- Avoid tiring work or exercise in hot, humid environments. If you must work or exercise, drink two to four glasses of non-alcoholic fluids each hour. Rest breaks are important and should be taken in the shade.
- Avoid sunburn. Use a broad-spectrum sunscreen with SPF 30 or higher on exposed skin and an SPF 30 lip balm, and reapply often.
- Wear lightweight, light-coloured, loose-fitting clothing and a wide brimmed hat, or use an umbrella for shade.
- Never leave children alone in a parked car. Temperatures can rise to 52 C within 20 minutes inside a vehicle when the outside temperature is 34 C. Leaving the car windows slightly open will not keep the inside of the vehicle at a safe temperature.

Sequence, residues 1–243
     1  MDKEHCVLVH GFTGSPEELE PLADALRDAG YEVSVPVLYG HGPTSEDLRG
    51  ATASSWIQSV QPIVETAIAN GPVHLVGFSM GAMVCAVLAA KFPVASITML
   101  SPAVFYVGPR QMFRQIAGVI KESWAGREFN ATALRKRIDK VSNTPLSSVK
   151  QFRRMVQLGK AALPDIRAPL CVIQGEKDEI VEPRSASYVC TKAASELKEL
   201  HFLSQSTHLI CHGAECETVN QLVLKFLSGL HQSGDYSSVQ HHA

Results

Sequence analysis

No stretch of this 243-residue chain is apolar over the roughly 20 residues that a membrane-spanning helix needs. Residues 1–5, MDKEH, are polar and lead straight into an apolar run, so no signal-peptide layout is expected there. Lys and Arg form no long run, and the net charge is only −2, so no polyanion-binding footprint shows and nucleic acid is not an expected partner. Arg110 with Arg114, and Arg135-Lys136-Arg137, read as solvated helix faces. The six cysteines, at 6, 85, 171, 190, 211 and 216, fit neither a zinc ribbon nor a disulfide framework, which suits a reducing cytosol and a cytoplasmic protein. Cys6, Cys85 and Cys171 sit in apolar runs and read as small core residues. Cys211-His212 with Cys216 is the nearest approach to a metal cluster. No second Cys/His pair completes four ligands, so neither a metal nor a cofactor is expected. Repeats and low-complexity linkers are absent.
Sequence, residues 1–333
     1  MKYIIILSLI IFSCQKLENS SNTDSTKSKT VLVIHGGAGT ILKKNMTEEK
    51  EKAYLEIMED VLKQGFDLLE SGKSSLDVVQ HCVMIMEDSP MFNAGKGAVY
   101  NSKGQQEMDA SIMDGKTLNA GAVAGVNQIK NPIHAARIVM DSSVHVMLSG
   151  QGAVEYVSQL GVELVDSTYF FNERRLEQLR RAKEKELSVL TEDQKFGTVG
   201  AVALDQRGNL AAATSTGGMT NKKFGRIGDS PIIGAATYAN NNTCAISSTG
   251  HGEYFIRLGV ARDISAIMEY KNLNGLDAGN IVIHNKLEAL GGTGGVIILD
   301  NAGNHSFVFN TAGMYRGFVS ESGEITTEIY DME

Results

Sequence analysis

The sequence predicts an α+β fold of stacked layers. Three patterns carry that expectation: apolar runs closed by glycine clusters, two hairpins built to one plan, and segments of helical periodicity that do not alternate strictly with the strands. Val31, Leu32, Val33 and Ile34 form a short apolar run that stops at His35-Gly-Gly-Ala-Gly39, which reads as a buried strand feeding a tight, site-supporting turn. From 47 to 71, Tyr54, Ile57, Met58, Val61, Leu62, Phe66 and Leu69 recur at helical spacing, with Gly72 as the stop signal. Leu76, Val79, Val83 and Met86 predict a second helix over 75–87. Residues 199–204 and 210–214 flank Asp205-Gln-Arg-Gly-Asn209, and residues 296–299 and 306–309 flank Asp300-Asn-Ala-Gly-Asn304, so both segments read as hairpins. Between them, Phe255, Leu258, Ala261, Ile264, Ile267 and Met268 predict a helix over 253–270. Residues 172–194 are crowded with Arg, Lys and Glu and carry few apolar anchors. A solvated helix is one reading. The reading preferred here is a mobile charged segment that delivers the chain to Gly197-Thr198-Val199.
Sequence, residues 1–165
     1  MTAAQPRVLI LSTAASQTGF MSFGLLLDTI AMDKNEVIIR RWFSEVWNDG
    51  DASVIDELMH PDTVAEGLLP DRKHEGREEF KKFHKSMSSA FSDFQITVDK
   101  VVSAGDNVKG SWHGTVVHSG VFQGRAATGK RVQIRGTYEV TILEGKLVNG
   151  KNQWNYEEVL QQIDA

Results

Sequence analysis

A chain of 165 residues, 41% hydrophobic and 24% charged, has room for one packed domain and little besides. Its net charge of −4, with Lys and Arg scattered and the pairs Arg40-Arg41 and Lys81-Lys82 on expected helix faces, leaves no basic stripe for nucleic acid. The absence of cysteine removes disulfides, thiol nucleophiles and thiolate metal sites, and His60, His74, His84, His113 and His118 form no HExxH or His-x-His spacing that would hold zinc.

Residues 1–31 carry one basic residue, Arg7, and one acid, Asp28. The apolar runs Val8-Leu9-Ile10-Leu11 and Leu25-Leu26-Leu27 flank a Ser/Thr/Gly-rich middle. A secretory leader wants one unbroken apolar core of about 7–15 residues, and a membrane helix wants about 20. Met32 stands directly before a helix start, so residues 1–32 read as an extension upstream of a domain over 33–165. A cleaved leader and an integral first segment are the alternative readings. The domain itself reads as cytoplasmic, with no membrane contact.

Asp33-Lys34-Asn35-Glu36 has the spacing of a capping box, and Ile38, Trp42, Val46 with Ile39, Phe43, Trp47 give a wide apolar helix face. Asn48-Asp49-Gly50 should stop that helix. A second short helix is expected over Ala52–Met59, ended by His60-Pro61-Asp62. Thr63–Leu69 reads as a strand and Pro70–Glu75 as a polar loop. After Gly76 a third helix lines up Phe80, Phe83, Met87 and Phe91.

- Regularly check older adults, children and others for signs of heat-related illness, and make sure they are keeping cool and drinking plenty of fluids. Check on those who are unable to leave their homes and people with emotional or mental health challenges whose judgment may be impaired.
- Heat also affects pets. Never leave a pet in a parked car. Limit pets’ exercise, and be sure to provide them with plenty of water and shade.
Travelling: Know Before You Go:
- Destination BC’s Know Before You Go web page is regularly updated and serves as a one-stop shop for visitors looking to access key information resources, including DriveBC, the BC Wildfire Service and Emergency Management BC.
- It is important to recognize that British Columbia is a large and diverse province. Many areas are not directly affected and are open for business.